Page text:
There are a few private emails every now and then, but they are usually for things that are 1/4-baked or are only of interest to a small number of people.
(In reply to comment #11)
> I guess bugzilla is the current main communications channel for JS internals.
> Is it not sufficient? What we would do on a mailing list that we don't do here?

I think the problem with leaving everything to bugzilla is that bug comments don't lend themselves to high level reflection, analysis, and discussion. Bugs are supposed to be silos for people that roughly understand a problem to be fixed. It doesn't seem like typical usage to go into a specific bug with subsystem X and ask higher-level questions about subsystem X.

We have a tendency to leave little gold nuggets in bug comments and see bursts of comprehensive explanations in IRC -- they're awesome when you happen to come by them, but I think we could have a slightly better protocol that spreads the love a bit more:

When you feel like giving a near-context-independent explanation of something, send it to a mailing list (or whatever more interesting broadcast technology) and reference that explanation from the bug/IRC chat. You've effectively forked the high level (and potentially off-topic) followup discussion to another thread but directly linked the pertinent information to the bug.

This approach also lowers the barrier to getting information "out there" in a place people can comment on -- our wiki isn't particularly low overhead, but plaintext email is cheap.

*shrug*
I agree there are nuggets lost in bugs and IRC logs (or not logged). This is indeed a problem.

But I question whether these would all migrate to email. Better to log all #jsapi (and #jslang) and curate the best-of collections.

Ditto bugs (I have a saved bugmail corpus I "curate" in a low-rent, who-let-the-janitor-pick-the-art sense, but it helps me find stuff, like where I keep explaining that OOM happens and we can't fail hard on it [yet]...).

/be
(In reply to comment #13)
> Better to log all
> #jsapi (and #jslang) and curate the best-of collections.

Thinking imaginatively, the ideal would be a searchable "haveweexplainedityet.com" you could submit tagged blurbs to (from IRC or a bug comment) and ask for clarifications on. Maybe we can just use bugs tagged [omg-learning-jse] to this effect?

It's otherwise hard to get the asking-for-clarification feature from stale bug comments, except on IRC, which is a largely synchronous mode of communication (i.e. can suck for interacting with people in other time zones).
(In reply to comment #13)
> I agree there are nuggets lost in bugs and IRC logs (or not logged). This is
> indeed a problem.
> 
> But I question whether these would all migrate to email. Better to log all
> #jsapi (and #jslang) and curate the best-of collections.
> 
> Ditto bugs (I have a saved bugmail corpus I "curate" in a low-rent,
> who-let-the-janitor-pick-the-art sense, but it helps me find stuff, like where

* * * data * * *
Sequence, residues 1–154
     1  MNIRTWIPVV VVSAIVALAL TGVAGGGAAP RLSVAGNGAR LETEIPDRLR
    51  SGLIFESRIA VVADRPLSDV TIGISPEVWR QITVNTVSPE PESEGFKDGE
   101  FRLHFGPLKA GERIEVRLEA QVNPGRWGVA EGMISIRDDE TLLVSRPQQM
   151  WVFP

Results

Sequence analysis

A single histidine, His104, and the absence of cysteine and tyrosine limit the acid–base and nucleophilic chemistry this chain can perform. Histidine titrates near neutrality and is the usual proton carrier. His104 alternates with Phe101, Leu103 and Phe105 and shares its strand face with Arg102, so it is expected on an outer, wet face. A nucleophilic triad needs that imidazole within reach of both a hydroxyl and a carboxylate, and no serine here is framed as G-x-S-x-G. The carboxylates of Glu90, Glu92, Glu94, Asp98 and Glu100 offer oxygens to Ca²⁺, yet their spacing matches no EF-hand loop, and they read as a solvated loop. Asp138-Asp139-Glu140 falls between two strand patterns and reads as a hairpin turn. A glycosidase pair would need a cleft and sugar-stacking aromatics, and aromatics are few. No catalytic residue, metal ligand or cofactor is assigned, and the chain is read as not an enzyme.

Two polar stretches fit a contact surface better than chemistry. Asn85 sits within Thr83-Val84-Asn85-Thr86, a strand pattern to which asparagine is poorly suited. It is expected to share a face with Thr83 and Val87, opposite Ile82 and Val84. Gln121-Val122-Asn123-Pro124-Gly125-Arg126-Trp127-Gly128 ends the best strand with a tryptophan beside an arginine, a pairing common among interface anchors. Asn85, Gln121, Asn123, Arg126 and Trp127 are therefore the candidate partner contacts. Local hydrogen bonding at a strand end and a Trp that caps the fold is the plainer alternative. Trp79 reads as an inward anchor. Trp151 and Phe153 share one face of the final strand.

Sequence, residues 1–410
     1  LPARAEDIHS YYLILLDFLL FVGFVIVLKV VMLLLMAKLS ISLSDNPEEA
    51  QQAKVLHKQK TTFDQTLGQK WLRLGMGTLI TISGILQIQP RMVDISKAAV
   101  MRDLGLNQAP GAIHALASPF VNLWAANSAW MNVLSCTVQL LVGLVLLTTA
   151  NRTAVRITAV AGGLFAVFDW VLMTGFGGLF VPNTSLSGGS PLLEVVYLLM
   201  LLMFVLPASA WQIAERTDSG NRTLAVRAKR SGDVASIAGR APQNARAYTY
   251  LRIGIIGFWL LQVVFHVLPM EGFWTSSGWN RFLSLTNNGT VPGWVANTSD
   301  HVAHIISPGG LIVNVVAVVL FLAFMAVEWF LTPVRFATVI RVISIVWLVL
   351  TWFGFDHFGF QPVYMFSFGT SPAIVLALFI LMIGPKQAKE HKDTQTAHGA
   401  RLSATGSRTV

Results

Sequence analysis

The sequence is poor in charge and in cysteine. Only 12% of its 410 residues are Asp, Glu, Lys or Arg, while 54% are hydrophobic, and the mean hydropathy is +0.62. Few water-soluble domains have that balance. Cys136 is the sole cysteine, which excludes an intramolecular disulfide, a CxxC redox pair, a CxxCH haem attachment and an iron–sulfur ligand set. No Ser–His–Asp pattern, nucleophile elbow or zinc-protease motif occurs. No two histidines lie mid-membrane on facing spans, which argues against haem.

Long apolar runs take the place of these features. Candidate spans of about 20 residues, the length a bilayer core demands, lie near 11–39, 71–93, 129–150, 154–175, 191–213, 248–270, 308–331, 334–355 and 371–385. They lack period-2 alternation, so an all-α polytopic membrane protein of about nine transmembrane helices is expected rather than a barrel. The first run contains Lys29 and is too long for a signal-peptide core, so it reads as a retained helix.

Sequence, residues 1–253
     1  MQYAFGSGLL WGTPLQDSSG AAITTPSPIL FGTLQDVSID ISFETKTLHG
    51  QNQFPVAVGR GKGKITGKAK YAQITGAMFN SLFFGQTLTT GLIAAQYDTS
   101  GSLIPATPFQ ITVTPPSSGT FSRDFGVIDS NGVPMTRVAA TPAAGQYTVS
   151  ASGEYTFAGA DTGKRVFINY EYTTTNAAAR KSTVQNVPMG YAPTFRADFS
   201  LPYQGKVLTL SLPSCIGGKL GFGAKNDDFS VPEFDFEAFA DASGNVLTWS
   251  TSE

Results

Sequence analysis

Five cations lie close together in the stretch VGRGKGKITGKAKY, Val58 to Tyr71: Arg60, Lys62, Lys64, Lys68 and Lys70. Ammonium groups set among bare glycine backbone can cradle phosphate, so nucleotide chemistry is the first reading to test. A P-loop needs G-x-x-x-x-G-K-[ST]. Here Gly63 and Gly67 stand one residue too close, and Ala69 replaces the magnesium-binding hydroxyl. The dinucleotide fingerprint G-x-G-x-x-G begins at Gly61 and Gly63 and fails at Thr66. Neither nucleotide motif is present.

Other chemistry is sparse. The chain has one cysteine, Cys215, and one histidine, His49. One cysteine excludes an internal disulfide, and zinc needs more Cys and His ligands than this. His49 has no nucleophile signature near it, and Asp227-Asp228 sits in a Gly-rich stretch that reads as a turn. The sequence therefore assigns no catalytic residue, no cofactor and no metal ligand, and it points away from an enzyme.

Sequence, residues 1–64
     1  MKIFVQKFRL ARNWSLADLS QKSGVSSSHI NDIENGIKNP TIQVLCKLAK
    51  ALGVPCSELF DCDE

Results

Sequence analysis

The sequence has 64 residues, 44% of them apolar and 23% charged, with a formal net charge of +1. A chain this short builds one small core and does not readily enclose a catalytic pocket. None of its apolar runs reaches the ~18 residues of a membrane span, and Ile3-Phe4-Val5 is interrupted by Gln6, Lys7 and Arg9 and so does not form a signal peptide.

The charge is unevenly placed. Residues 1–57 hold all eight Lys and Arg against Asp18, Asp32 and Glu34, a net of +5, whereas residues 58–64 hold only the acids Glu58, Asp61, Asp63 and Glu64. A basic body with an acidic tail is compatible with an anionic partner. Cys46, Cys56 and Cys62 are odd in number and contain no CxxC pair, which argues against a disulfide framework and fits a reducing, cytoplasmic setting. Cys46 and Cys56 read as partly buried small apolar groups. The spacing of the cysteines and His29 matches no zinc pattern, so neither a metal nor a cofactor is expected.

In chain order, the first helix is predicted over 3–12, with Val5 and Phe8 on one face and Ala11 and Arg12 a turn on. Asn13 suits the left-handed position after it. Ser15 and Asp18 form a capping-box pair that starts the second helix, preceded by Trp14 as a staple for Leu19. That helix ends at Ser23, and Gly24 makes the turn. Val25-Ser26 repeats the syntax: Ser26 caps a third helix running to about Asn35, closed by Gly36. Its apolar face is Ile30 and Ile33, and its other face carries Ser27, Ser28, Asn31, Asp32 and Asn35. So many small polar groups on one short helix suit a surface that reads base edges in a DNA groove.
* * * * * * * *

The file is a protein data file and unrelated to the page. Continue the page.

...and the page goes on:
> I keep explaining that OOM happens and we can't fail hard on it [yet]...).

It seems that if we had good search over bugzilla and archived IRC logs, it would be a lot easier to find these things. Can we expose bugzilla to Google search?
(Reporter)

Comment 16

8 years ago
(In reply to comment #11)
> There are a few private emails every now and then, but they are usually for
> things that are 1/4-baked or are only of interest to a small number of people.

Things that are 1/4 baked and only of interest to a small number of people are exactly the things that we want in a mailing list. If I could get people to write down their lunchtime conversations I would.


> I guess bugzilla is the current main communications channel for JS internals.
> Is it not sufficient? What we would do on a mailing list that we don't do here?

Bugzilla is good, I like the workflow. However, its good for mostly just one thing: adding a bug says "I, or someone, should do this at some point". I would wager that the majority of discussions in an open source project do not fall into this template. Here is a small sample:

 - how does X work?
 - why is X like this?
 - I have a hairbrained scheme for X, why is this stupid? (see bug 606198)
 - there is a talk on X soon (in practice, these are sent to all@mozilla.com I think).
 - have people seen the way lua do X?
 - what's the progress on X?
 - can we make X a high priority?
 - OMG we just crossed a line on AWFY
 - here is my tool X to help us.
 - please stop doing X or I will hunt you down


To be honest, I can't believe this is even up for discussion. Every open source project in the history of the world has a mailing list; its basically the first thing you do. If we don't use it, fine we don't use it, we can deprecate/delete/ignore it later.
(In reply to comment #16)
>  - have people seen the way lua do X?

We do file bugs on that. E.g., bug 549515.

>  - what's the progress on X?
>  - can we make X a high priority?
>  - I have a hairbrained scheme for X, why is this stupid? (see bug 606198)

Those would usually be bugzilla comments.

>  - there is a talk on X soon (in practice, these are sent to all@mozilla.com I
> think).

Yes.

>  - how does X work?
>  - why is X like this?

These are exactly the things that fall through the cracks. Some kind of "priceless wisdom repository" like Brendan has would seem to the thing here. It'd be nice if we had a simple tool where you could send it an email or some text with a title and tags and it would be archived and googlable.

>  - OMG we just crossed a line on AWFY

Twitter.

>  - here is my tool X to help us.

Mailing list seems ideal for this. When I do this I want to email everyone in JS-land and it's easy to mess up collecting the names by hand.

>  - please stop doing X or I will hunt you down

Interesting. Mailing list might be good for that, too.

> To be honest, I can't believe this is even up for discussion. Every open 
> source project in the history of the world has a mailing list; its basically